Deaths

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779 Year

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785 Year

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796 Year

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662 Year

Year 662 (DCLXII) was a common year starting on Saturday of the Julian calendar. The denomination 662 for this year has been used since the early medieval period, when the Anno Domini calendar era became the prevalent method in Europe for naming years.

830 Year

Year 830 (DCCCXXX) was a common year starting on Saturday of the Julian calendar.

661 Year

Year 661 (DCLXI) was a common year starting on Friday of the Julian calendar. The denomination 661 for this year has been used since the early medieval period, when the Anno Domini calendar era became the prevalent method in Europe for naming years.

683 Year

Year 683 (DCLXXXIII) was a common year starting on Thursday of the Julian calendar. The denomination 683 for this year has been used since the early medieval period, when the Anno Domini calendar era became the prevalent method in Europe for naming years.

686 Year

Year 686 (DCLXXXVI) was a common year starting on Monday of the Julian calendar. The denomination 686 for this year has been used since the early medieval period, when the Anno Domini calendar era became the prevalent method in Europe for naming years.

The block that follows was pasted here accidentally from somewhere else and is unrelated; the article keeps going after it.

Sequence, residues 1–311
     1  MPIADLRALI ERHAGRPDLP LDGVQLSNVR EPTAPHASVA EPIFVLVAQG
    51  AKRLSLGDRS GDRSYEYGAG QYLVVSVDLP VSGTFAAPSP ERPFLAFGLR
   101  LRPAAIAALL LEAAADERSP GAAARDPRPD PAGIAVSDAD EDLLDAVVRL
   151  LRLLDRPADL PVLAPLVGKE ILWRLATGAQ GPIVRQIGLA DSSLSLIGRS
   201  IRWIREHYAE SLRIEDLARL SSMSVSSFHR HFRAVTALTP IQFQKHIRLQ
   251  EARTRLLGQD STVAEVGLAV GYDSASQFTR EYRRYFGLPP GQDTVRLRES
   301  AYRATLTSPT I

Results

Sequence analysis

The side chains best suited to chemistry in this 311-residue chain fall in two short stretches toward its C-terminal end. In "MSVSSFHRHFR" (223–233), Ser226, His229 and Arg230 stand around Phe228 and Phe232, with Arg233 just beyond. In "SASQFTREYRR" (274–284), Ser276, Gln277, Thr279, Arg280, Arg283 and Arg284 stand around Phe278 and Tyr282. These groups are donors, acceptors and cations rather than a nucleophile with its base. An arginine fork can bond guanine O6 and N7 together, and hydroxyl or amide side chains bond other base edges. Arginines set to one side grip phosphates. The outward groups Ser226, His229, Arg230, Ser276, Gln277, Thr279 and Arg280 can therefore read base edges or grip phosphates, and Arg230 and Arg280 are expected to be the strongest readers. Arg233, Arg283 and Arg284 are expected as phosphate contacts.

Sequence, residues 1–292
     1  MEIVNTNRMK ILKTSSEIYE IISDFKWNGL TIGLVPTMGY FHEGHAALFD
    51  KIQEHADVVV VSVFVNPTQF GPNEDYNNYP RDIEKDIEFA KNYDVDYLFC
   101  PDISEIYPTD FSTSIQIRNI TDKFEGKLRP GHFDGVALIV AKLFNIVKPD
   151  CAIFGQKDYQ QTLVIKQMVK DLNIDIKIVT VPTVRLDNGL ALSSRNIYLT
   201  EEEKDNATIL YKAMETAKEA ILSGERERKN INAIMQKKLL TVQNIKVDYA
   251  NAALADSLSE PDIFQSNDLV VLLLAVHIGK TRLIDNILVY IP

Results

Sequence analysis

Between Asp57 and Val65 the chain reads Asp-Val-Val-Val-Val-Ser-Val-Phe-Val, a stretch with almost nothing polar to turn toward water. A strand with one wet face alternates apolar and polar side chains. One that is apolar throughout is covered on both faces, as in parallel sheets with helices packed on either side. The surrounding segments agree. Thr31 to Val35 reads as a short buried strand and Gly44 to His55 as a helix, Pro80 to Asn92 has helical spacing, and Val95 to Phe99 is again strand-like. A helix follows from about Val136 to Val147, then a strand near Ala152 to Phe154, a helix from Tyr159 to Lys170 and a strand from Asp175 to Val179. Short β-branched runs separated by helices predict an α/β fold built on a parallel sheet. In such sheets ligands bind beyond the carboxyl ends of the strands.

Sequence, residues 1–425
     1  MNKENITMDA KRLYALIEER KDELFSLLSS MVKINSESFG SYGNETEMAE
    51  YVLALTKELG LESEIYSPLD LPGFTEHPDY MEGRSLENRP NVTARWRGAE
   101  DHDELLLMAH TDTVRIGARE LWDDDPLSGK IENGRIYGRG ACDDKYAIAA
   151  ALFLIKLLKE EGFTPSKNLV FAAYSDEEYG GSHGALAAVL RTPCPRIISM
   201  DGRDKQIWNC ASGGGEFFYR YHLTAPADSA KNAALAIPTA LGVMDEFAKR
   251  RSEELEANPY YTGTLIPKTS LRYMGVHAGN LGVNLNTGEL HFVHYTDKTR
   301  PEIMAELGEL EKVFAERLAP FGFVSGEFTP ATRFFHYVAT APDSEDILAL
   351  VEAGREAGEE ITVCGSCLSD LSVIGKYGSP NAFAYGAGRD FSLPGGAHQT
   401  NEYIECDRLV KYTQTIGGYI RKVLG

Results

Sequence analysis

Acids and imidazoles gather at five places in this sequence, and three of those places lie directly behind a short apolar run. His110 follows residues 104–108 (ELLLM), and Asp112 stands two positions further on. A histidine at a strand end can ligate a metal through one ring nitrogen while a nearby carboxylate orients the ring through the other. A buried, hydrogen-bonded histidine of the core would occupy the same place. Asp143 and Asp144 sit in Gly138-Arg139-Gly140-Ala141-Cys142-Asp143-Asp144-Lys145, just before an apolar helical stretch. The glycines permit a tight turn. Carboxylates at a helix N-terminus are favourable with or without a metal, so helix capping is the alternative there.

Year 640 (DCXL) was a leap year starting on Saturday of the Julian calendar. The denomination 640 for this year has been used since the early medieval period, when the Anno Domini calendar era became the prevalent method in Europe for naming years.

654 Year

Year 654 (DCLIV) was a common year starting on Wednesday of the Julian calendar. The denomination 654 for this year has been used since the early medieval period, when the Anno Domini calendar era became the prevalent method in Europe for naming years.

658 Year

Year 658 (DCLVIII) was a common year starting on Monday of the Julian calendar. The denomination 658 for this year has been used since the early medieval period, when the Anno Domini calendar era became the prevalent method in Europe for naming years.

673 Year

Year 673 (DCLXXIII) was a common year starting on Saturday of the Julian calendar. The denomination 673 for this year has been used since the early medieval period, when the Anno Domini calendar era became the prevalent method in Europe for naming years.

676 Year

Year 676 (DCLXXVI) was a leap year starting on Tuesday of the Julian calendar. The denomination 676 for this year has been used since the early medieval period, when the Anno Domini calendar era became the prevalent method in Europe for naming years.

679 Year

Year 679 (DCLXXIX) was a common year starting on Saturday of the Julian calendar. The denomination 679 for this year has been used since the early medieval period, when the Anno Domini calendar era became the prevalent method in Europe for naming years.

References

  1. Walsh A New Dictionary of Saints, pp. 21–22